Less than four months after Valley Interfaith delivered 10,000 letters calling on Rio Grande Valley lawmakers to take action on DACA, US Congressional Representatives Filemon Vela (D-Brownsville) and Vicente Gonzalez (D-McAllen) announced they will sign a petition in an effort to force the House to take up immigration bills. Both said they would sign Discharge Petition #10, which will set up a "Queen of the Hill" process to consider four bills that would address the uncertain status of DACA recipients. The bill that receives the largest number of votes in support will pass.Read more
Over 350 leaders from 35 institutions of Working Together Jackson assembled with Mayor Lumumba, securing commitments to form a West Jackson Working group with WTJ to develop a plan for the rebuilding West Jackson.
The Mayor committed to having the Zoo Area Progressive Partnership (a WTJ member) vet all new members of the Zoo Board as well as to convening the newly formed Medical Corridor Commission, raising $1.5 million to fund Fresh Food Finance, and participating in the WTJ research work around public transportation by riding a long with WTJ members.Read more
60 Austin Interfaith leaders packed into Austin City Council Chambers for a hearing on CodeNEXT to support speakers Florence Briceno from Our Lady of Guadalupe Catholic and Rev. Michael Floyd from All Saints Episcopal who testified for strong neighborhoods and affordability, and against displacement.
Leading the campaign to increase funding for owner-occupied housing rehab and affordable housing, COPS / Metro is now participating in the City of San Antonio's affordable housing taskforce.Read more
After compelling testimony and intervention by leaders from Northern & Central Louisiana Interfaith, the Shreveport City Council reduced Calumet's tax exemption request by 49%. The original request was for $858,444.30 and the amount approved totaled $437,769.70.Read more
After commemorating the end of REST (a rotating and temporary winter shelter program created by Marin Organizing Committee (MOC) for homeless individuals and families) MOC leaders are now focusing on identifying funding for more permanent housing options, including a "housing first" approach to homelessness. "We have realized for some time that was just a lifeboat," said Purdy, a member of the First Presbyterian Church of San Rafael. "We kept people fed and out of the rain and cold but we did not end homelessness."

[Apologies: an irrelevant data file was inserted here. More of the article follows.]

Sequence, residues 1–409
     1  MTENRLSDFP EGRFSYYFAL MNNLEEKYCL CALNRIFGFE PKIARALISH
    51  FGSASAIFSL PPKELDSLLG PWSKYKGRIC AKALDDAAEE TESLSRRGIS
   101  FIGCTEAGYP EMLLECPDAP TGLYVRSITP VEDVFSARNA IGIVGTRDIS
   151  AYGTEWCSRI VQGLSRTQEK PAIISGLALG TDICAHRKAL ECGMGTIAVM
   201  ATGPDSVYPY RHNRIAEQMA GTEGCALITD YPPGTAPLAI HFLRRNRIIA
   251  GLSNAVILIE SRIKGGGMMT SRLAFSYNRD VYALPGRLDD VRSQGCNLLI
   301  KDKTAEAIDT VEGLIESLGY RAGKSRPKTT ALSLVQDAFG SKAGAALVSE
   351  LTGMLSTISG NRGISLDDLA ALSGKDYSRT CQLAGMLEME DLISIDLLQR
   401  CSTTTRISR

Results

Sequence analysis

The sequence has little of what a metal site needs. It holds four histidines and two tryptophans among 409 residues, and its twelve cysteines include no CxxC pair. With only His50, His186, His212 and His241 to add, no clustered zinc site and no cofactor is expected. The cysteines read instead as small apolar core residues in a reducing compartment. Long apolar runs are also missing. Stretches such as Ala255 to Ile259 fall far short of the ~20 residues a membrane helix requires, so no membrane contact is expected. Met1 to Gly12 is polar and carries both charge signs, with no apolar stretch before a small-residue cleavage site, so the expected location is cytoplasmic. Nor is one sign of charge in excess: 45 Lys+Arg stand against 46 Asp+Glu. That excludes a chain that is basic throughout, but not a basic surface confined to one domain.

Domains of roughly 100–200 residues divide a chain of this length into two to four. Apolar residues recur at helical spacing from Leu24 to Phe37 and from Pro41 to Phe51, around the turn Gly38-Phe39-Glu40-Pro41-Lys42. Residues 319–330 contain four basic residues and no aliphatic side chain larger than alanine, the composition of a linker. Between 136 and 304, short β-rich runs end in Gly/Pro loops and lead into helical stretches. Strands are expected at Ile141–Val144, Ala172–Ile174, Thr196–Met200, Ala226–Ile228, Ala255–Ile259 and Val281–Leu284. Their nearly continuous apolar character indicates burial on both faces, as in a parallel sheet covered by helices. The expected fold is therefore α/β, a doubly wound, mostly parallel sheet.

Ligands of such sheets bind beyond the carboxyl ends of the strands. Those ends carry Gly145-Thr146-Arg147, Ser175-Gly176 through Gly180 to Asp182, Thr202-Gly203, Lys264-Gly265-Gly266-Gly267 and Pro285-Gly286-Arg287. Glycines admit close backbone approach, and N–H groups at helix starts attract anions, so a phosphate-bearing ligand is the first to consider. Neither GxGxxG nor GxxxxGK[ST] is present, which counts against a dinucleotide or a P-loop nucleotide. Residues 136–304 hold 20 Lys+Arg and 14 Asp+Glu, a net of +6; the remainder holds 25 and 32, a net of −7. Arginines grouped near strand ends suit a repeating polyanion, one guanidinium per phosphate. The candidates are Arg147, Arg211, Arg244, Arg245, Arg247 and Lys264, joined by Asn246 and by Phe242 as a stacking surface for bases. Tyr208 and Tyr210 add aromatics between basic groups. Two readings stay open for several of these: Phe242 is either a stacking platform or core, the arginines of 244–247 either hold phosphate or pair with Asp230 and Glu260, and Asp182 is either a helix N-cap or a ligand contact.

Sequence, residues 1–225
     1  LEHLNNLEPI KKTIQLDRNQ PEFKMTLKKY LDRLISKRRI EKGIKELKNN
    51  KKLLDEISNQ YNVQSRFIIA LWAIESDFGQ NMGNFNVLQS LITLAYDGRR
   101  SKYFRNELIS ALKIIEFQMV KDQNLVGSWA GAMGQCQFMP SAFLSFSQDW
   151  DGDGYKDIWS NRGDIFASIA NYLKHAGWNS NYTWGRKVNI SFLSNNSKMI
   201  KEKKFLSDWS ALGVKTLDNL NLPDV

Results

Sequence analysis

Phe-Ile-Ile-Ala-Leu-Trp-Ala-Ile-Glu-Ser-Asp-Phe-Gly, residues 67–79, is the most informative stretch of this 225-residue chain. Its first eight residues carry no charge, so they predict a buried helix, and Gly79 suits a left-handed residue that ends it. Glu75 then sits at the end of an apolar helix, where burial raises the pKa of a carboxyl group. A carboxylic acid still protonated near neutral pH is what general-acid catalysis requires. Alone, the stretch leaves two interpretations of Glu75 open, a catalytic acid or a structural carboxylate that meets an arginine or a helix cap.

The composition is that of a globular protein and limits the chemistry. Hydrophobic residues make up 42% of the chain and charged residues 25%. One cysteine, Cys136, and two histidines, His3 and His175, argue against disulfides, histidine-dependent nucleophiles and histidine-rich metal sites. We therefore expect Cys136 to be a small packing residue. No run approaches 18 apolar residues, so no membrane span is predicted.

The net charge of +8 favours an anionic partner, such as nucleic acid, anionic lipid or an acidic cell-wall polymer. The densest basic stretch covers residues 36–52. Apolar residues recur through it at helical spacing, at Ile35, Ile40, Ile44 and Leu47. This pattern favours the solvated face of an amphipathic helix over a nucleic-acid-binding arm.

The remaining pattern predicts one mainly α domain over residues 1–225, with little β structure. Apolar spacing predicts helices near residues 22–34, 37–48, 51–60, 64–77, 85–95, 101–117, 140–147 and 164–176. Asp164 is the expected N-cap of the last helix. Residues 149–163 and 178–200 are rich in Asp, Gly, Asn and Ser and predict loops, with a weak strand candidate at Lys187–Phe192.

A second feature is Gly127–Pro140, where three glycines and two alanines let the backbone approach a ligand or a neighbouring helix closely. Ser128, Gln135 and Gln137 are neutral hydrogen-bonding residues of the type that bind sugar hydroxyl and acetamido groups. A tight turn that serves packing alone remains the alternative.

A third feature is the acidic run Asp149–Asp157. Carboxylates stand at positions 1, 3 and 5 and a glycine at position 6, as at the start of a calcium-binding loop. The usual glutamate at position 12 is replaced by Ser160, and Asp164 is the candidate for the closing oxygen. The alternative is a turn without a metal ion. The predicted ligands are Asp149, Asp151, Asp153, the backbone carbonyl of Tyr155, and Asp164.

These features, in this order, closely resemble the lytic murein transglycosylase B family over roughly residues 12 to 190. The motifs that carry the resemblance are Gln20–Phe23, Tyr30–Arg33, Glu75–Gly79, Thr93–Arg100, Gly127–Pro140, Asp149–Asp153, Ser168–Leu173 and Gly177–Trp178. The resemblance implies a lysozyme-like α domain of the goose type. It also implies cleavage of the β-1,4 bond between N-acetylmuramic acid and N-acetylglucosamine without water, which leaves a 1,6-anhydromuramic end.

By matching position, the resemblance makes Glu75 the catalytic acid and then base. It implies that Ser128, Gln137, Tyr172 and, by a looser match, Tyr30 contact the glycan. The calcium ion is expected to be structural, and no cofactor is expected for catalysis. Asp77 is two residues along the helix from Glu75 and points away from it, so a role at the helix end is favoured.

And after learning that most tenants that inquire about the landlord mediation program refrain from participation for fear of retaliation by their landlords, leaders are renewing their push for a "just cause" eviction ordinance. "It's hard to imagine tenants feeling safe requesting mediation from landlords, if the landlord has the right to evict them without cause," Meredith Parnell, chairwoman of the Marin Organizing Committee's renter protection team, said at a public hearing.Read more
Braving torrential rains, hundreds of Louisiana Association of Educators and Together Baton Rouge leaders publicly launched, together, a public campaign to raise teacher pay (see photo above).Read more
With three months to decide how to spend $21 Million in HUD funding for affordable housing, several San Antonio Councilmembers are getting direct reminders from COPS / Metro leaders about their campaign promises to invest $6.5 Million in the rehabilitation of owner-occupied housing in older neighborhoods.
In spite of dispute over whether the commitment referred to new money or previous allocations, leaders are pressing on.Read more